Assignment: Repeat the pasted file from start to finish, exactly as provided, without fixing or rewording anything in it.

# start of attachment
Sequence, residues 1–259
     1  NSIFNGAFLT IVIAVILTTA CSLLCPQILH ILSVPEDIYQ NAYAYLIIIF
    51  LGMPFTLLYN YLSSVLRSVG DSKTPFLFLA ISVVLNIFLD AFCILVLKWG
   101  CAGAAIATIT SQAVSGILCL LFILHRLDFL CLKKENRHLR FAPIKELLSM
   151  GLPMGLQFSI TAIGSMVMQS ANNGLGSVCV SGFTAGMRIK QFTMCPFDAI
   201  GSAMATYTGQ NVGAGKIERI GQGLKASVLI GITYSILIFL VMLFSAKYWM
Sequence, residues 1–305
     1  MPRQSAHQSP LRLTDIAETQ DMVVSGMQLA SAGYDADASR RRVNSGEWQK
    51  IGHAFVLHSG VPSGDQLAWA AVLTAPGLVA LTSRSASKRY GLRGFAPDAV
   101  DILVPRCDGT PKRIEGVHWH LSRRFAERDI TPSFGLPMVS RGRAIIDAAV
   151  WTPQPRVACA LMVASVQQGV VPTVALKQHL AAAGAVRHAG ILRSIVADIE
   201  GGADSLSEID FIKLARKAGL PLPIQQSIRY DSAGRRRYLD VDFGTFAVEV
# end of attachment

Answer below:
Sequence, residues 1–259
     1  NSIFNGAFLT IVIAVILTTA CSLLCPQILH ILSVPEDIYQ NAYAYLIIIF
    51  LGMPFTLLYN YLSSVLRSVG DSKTPFLFLA ISVVLNIFLD AFCILVLKWG
   101  CAGAAIATIT SQAVSGILCL LFILHRLDFL CLKKENRHLR FAPIKELLSM
   151  GLPMGLQFSI TAIGSMVMQS ANNGLGSVCV SGFTAGMRIK QFTMCPFDAI
   201  GSAMATYTGQ NVGAGKIERI GQGLKASVLI GITYSILIFL VMLFSAKYWM
Sequence, residues 1–305
     1  MPRQSAHQSP LRLTDIAETQ DMVVSGMQLA SAGYDADASR RRVNSGEWQK
    51  IGHAFVLHSG VPSGDQLAWA AVLTAPGLVA LTSRSASKRY GLRGFAPDAV
   101  DILVPRCDGT PKRIEGVHWH LSRRFAERDI TPSFGLPMVS RGRAIIDAAV
   151  WTPQPRVACA LMVASVQQGV VPTVALKQHL AAAGAVRHAG ILRSIVADIE
   201  GGADSLSEID FIKLARKAGL PLPIQQSIRY DSAGRRRYLD VDFGTFAVEV